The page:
For “The Assassin II” Norman (17-0, 14 KOs), 19, of Atlanta, the son of former 168-pound boxer Brian Norman, his career moves on after an impressive performance.
Hard-hitting 135-pound prospect Alejandro Guerrero survived a tougher than expected bout to remain unbeaten, winning a majority decision over a game Jose Angulo over eight rounds.
Judge John Mariano scored the fight 76-76 even, and two judges had the match shockingly wide as Elijah Staples and Tim Taggart Sr. turned in scores of 79-73 and 78-74. The Ring had it the same as Mariano, a draw.
Both fighters felt each other out in the opening frame, and referee Mark Nelson warned Angulo after the conclusion of the round for landing a left hook below the belt.
Guerrero, who went 110-10 as an amateur and won two junior national titles, buzzed Angulo with a hard combination in the second round and topped it off with a crisp left hook that knocked his head back. Angulo landed a right hand towards the end of the round, but Guerrero, a self-described brawler, shook his head “No,” and fired back with a right hand and a left hook that grazed Angulo’s ribcage.
But Angulo (12-1, 5 KOs), 23, of Ecuador, who lost for the first time in six bouts dating back to April 2017, outworked “Pork Chop” in the third frame. He surprised Guerrero with a double jab that split the guard and a right hand that momentarily buckled him. Angulo also mixed in some angles and head movement that left Guerrero confused and out of position to mount anything offensively.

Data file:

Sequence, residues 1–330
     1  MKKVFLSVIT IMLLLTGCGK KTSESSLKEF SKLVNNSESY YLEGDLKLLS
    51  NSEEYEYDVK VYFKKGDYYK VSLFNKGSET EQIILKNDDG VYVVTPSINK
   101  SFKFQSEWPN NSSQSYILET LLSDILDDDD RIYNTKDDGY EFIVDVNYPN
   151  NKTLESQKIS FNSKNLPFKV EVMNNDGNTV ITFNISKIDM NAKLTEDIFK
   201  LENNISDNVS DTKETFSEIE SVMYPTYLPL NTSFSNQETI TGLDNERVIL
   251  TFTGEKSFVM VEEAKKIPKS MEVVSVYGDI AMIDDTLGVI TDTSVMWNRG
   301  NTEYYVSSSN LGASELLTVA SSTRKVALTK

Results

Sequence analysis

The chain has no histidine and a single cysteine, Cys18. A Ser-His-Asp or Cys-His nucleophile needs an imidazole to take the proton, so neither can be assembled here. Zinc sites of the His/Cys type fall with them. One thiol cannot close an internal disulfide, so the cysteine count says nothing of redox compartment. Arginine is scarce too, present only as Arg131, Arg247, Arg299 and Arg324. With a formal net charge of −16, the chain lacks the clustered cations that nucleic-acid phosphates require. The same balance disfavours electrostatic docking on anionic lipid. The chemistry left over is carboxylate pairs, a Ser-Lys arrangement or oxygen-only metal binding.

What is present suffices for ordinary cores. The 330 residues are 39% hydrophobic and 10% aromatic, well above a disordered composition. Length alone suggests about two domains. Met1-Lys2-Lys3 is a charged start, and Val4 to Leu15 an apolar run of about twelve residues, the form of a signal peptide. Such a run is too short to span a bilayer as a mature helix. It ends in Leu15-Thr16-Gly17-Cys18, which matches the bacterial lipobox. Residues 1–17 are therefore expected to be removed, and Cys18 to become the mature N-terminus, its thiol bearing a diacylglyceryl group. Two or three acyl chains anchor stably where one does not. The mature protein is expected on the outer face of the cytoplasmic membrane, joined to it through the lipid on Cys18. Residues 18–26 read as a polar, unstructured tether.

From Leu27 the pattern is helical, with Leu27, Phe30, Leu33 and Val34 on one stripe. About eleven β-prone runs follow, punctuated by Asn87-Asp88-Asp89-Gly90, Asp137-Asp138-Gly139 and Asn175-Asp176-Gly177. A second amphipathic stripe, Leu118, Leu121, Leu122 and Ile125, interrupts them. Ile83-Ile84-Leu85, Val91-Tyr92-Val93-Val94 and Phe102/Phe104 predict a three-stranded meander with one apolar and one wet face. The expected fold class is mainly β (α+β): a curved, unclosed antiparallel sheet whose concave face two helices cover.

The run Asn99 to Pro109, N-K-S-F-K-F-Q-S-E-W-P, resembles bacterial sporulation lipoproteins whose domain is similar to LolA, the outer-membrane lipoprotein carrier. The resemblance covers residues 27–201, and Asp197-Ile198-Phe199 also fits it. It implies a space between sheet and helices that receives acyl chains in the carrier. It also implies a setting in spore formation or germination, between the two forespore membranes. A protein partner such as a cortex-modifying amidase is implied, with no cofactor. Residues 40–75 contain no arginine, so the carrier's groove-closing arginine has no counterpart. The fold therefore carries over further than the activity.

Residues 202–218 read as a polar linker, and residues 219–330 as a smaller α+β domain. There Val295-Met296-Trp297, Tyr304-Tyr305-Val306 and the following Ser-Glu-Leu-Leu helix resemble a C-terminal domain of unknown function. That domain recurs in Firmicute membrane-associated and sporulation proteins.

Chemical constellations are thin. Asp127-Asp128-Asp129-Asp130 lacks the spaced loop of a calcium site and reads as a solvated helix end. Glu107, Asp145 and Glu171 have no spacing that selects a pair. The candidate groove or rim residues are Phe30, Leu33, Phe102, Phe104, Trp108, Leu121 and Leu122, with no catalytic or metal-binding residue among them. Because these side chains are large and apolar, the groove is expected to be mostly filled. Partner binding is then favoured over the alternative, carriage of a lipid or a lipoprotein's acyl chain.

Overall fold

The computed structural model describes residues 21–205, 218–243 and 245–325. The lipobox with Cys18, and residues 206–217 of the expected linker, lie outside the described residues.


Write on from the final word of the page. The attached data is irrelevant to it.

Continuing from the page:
Angulo maintained his momentum in the fourth round. He worked behind a solid jab to keep Guerrero, who was missing wildly, at bay. Angulo then followed up with a solid combination to extend his lead on points.
In the fifth round, Angulo cut off the ring effectively and used his reach and height advantage to bully Guerrero against the ropes.
Guerrero (12-0, 9 knockouts), 22, of Irving, Texas, connected with his best punch of the fight in the sixth round, a short right hand and a short left hook that hurt Angulo, who backed up as Guerrero smothered him. But Angulo got his legs back underneath him, and both men fought at an even pace from that point.
The seventh was a massive turnaround for Guerrero, who buzzed Angulo late in the round with a series of clubbing rights that knocked his man back.
Both men fought bravely to the end. The eighth round began with Guerrero swinging for the fences. A four-punch combination badly hurt Angulo, who was all but out on his feet as Guerrero battered him with a series of lefts and rights. Then with about 15 seconds remaining, Guerrero pushed Angulo to the canvas, which allowed him extra time to recover after Nelson ruled no knockdown.